Research Project 2 focuses on investigating the unique features of populations of tumor cells, both in various regions of primary and metastatic tumor, as well as in the bloodstream.
The First Aim i nvolves extensive specimen sampling of a small number of patients, including various regions of the primary tumor such as the leading invasive edge, the tumor epicenter (among others), as well as tumor cells within afferent and efferent blood vessels of the tumor and tumor cells in blood vessels over time. These population sets of cells will be characterized according to features related to metastability, including overall cytomorphologic structure, surface and cytoplasmic evidence of loss of epithelial-ness, live/dead nuclear features, and E- to N-cadherin switching. The resulting data will provide a tumor topology across the human organism and over time, yielding insight into which populations of tumor cells are important in the process of metastasis.
The Second Aim focuses on the third microenvironment, the bloodstream, which is a transient, yet critical environment for cells undergoing hematogenous metastasis. Investigations are directed at the architecture of tumor cell travel groups in the blood, associ ations between CTCs and other nucleated cells in the bloodstrea m including immunologically active cells, scavenger cells (monocytes), and coating cells (platelets) that may play a critical role in CTC survival/destruction, interactions with non-cellular protein components such as those of the coagulation cascade, and m arkers associated with natural killer cell activity. Methodologies include the incorporation of newly developed techniques to study CTCs in human cancer patient blood samples, utilizing fluorescent immunocytochemistry and standard morphologic stains, combined with sophisticated digital imaging strategies and software applications.
The Third Aim will use the data collected in the first two aims along with clinical patient correlation data to robustly simulate the behaviors of cancer cells as they leave the primary tumor and travel through the blood to metastatic sites.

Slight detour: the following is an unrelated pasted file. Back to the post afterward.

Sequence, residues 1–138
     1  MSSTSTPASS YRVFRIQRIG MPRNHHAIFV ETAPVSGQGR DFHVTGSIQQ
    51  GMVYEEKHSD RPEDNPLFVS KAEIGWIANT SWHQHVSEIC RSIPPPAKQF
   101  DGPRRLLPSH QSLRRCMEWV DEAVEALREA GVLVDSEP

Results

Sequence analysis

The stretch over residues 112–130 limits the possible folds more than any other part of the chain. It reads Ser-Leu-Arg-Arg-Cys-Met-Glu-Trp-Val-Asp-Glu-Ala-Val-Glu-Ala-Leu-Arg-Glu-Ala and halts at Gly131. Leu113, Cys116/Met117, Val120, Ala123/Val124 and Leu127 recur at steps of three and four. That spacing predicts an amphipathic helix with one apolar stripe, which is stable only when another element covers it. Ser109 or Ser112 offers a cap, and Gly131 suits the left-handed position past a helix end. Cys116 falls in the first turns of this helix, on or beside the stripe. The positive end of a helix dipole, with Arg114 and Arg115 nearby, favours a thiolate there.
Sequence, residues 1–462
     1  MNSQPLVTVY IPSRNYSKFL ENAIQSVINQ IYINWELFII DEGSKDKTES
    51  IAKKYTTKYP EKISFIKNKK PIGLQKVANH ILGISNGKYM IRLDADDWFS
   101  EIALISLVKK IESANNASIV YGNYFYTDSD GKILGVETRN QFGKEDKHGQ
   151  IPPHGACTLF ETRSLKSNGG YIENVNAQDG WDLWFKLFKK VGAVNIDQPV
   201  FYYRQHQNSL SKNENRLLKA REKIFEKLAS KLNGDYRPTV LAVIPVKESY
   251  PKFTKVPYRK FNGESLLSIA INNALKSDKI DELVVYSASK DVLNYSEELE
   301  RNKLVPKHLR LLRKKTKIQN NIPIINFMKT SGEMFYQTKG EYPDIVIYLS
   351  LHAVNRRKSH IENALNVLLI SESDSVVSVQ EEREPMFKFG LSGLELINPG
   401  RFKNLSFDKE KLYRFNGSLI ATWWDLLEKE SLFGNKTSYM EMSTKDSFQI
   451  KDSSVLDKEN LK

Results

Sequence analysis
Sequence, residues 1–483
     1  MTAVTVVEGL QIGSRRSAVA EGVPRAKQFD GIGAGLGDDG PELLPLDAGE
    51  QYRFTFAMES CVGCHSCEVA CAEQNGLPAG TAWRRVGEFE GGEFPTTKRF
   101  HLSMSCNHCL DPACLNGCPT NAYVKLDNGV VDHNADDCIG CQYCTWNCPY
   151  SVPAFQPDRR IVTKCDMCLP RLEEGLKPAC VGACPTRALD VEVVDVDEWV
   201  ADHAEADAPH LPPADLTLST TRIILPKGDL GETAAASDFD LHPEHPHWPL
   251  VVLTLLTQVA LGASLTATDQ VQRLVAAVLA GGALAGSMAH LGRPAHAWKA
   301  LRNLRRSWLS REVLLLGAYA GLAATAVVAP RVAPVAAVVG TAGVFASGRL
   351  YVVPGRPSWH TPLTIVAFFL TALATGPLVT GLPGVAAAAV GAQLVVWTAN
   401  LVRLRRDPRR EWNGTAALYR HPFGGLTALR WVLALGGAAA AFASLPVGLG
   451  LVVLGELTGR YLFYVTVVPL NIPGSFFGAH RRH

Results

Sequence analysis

Public Health Relevance

Certain subsets of cells within a tumor are likely responsible for metastatic disease, which is the cause of death in most cancer patients. Measuring variables to identify various unique populations of tumor cells within a malignancy, and learning how each subset functions during the process of metastasis will allow us to manipulate and ideally prevent such travel, thereby blocking the method by which cancer generally kills.

Agency
National Institute of Health (NIH)
Institute
National Cancer Institute (NCI)
Type
Specialized Center--Cooperative Agreements (U54)
Project #
5U54CA143906-05
Application #
8568054
Study Section
Special Emphasis Panel (ZCA1-SRLB-9)
Project Start
Project End
Budget Start
2013-09-01
Budget End
2014-08-31
Support Year
5
Fiscal Year
2013
Total Cost
$302,028
Indirect Cost
$103,957
Name
Scripps Research Institute
Department
Type
DUNS #
781613492
City
La Jolla
State
CA
Country
United States
Zip Code
92037
Phillips, Kevin G; Kuhn, Peter; McCarty, Owen J T (2014) Physical biology in cancer. 2. The physical biology of circulating tumor cells. Am J Physiol Cell Physiol 306:C80-8
Jones, Casey M; Baker-Groberg, Sandra M; Cianchetti, Flor A et al. (2014) Measurement science in the circulatory system. Cell Mol Bioeng 7:1-14
Dago, Angel E; Stepansky, Asya; Carlsson, Anders et al. (2014) Rapid phenotypic and genomic change in response to therapeutic pressure in prostate cancer inferred by high content analysis of single circulating tumor cells. PLoS One 9:e101777
Phillips, Kevin G; Baker-Groberg, Sandra M; McCarty, Owen J T (2014) Quantitative optical microscopy: measurement of cellular biophysical features with a standard optical microscope. J Vis Exp :
Rodriguez-Lee, Mariam; Kuhn, Peter; Webb, David R (2014) Advancing cancer patient care by integrating circulating tumor cell technology to understand the spatial and temporal dynamics of cancer. Drug Dev Res 75:384-92
Totonchy, Jennifer E; Clepper, Lisa; Phillips, Kevin G et al. (2014) CXCR7 expression disrupts endothelial cell homeostasis and causes ligand-dependent invasion. Cell Adh Migr 8:165-76
Carlsson, Anders; Nair, Viswam S; Luttgen, Madelyn S et al. (2014) Circulating tumor microemboli diagnostics for patients with non-small-cell lung cancer. J Thorac Oncol 9:1111-9
Bethel, Kelly; Luttgen, Madelyn S; Damani, Samir et al. (2014) Fluid phase biopsy for detection and characterization of circulating endothelial cells in myocardial infarction. Phys Biol 11:016002
Bazhenova, Lyudmila; Newton, Paul; Mason, Jeremy et al. (2014) Adrenal metastases in lung cancer: clinical implications of a mathematical model. J Thorac Oncol 9:442-6
Baker-Groberg, Sandra M; Phillips, Kevin G; McCarty, Owen J T (2013) Quantification of volume, mass, and density of thrombus formation using brightfield and differential interference contrast microscopy. J Biomed Opt 18:16014

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